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Legislative Assembly for the ACT: 1998 Week 2 Hansard (21 May) . . Page.. 514 ..

MR CORBELL (continuing):

(Extension of time granted) It is just as important to look at the performance of ACTEW to date, the performance of management to date, the performance of the shareholders and the directions they give to management, as it is to look at issues to do with ownership and as it is to deal with issues of risk.

This is a complex debate. It is not an easy debate. It is a debate that we have to have. But I would like to see options that are not currently being pursued heavily by this Government being pursued with more seriousness, because at stake is the ownership and the effectiveness of an asset that is worth many millions of dollars to the Territory and an asset that is very valuable to the economic future of the Territory.

MS TUCKER (4.50): Mr Speaker, I must say that I did not find this a very inspiring report, in terms of providing any analysis of the options that are available to ACTEW to become more innovative in the new competitive environment. As Ms Carnell noted, the report says:

ACTEW's growth opportunities lie with new services within its existing area and/or traditional/new services outside the ACT ie. continued growth in ACTEW's business value requires an expanded business scope. The growth opportunities within the ACT are limited. The majority of growth opportunities are outside the ACT.

However, I would have found the report much more informative in terms of debating the future of ACTEW if there had been some discussion about the nature of those growth opportunities and how those growth opportunities could be pursued. I note that the report does not really make any recommendations - not overt ones, anyway, though one can read between the lines - that ACTEW should be sold, as the report states:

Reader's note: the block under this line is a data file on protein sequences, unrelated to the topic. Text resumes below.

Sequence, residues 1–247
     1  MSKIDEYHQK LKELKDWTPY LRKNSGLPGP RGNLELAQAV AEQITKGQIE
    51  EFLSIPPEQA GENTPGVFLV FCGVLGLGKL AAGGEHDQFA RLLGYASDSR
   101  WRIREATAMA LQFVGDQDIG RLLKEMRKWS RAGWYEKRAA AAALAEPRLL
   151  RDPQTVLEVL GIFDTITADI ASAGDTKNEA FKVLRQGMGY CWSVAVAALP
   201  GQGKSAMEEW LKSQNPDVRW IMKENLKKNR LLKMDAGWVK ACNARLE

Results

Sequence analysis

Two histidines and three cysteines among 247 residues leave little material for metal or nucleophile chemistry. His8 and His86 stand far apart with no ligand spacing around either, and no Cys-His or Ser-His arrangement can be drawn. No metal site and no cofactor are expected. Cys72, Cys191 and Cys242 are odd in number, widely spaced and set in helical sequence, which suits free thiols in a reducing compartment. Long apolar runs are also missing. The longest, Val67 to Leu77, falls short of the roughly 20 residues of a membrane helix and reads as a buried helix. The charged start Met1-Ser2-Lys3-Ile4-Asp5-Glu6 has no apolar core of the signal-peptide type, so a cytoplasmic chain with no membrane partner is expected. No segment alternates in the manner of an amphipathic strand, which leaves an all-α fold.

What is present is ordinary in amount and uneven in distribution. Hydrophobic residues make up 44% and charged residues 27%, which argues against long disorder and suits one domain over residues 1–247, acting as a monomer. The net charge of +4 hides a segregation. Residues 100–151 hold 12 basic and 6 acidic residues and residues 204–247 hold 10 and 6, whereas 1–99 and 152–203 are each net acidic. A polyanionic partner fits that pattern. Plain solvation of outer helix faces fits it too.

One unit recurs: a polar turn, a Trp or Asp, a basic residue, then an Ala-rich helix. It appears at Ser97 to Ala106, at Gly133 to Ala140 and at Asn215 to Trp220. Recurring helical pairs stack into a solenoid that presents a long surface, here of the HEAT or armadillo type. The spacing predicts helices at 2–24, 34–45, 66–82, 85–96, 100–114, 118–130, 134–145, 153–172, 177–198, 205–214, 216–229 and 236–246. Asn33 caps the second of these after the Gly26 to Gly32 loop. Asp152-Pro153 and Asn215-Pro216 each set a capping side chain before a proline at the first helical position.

The Government as owner on behalf of the community should make a positive decision about capturing the full commercial value of ACTEW rather than by default allowing the business to stagnate.

In any debates about ACTEW's future, we seem to come down to an ideological debate about whether the company should be in private or public ownership. In my opinion, this pre-empts a very important debate we should be having about how we can make ACTEW a thriving, profitable company. Why can ACTEW not remain in public hands and respond positively to the new challenges? We do not have to say, "It is all hopeless; so, we may as well sell off our biggest public asset". As other members are aware, I have been advocating for some time the need for ACTEW to expand its horizons. While there is some innovative work taking place on the water side, in energy management we could be doing a lot better.

ACTEW's current energy management policy is reactive, defensive and, quite frankly, backward looking. ACTEW has not taken up the challenge that was thrown to it in 1995, when its name was changed to "ACT Energy and Water". It is still too narrowly focused on selling electricity. While the Fay Richwhite report seems to think ACTEW is constrained by the objectives the Greens added to ACTEW's corporate objectives, in relation to ecological sustainability, I believe that this is where the opportunities lie - in offering new energy services.

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